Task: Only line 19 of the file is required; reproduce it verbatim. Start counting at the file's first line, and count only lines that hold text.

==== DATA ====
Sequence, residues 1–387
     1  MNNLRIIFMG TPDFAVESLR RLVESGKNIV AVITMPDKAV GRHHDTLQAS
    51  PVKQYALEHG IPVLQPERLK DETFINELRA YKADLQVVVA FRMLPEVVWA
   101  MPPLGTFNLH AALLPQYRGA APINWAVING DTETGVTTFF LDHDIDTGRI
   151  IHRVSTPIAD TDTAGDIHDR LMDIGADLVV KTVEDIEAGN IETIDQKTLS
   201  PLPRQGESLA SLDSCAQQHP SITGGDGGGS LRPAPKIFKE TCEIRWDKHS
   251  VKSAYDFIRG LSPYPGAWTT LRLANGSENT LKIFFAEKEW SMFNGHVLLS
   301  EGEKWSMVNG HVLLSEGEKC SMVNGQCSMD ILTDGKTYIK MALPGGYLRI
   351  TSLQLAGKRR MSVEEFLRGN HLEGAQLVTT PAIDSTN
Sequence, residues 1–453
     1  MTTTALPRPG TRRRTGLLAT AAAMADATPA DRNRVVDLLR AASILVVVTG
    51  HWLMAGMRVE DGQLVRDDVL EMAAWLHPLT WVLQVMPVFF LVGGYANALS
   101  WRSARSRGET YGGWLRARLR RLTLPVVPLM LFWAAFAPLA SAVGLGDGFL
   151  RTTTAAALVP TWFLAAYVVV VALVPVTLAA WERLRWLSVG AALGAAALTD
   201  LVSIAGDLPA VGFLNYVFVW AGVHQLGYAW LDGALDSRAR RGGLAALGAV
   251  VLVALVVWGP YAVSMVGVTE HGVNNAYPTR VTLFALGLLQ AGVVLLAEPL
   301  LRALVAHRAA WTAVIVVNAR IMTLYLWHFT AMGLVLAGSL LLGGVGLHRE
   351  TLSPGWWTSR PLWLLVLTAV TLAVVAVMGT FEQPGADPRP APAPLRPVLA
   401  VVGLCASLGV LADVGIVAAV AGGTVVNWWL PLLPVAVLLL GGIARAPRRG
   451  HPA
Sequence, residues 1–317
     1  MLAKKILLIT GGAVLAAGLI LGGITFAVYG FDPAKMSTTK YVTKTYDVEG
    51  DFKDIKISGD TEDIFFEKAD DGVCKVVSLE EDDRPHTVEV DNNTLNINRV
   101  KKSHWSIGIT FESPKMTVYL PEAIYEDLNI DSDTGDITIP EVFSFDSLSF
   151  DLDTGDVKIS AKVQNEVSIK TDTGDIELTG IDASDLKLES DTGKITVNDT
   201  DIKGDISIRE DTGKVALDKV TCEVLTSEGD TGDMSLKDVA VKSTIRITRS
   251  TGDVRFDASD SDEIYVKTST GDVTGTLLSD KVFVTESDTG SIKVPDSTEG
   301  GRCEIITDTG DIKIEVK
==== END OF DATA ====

   401  VVGLCASLGV LADVGIVAAV AGGTVVNWWL PLLPVAVLLL GGIARAPRRG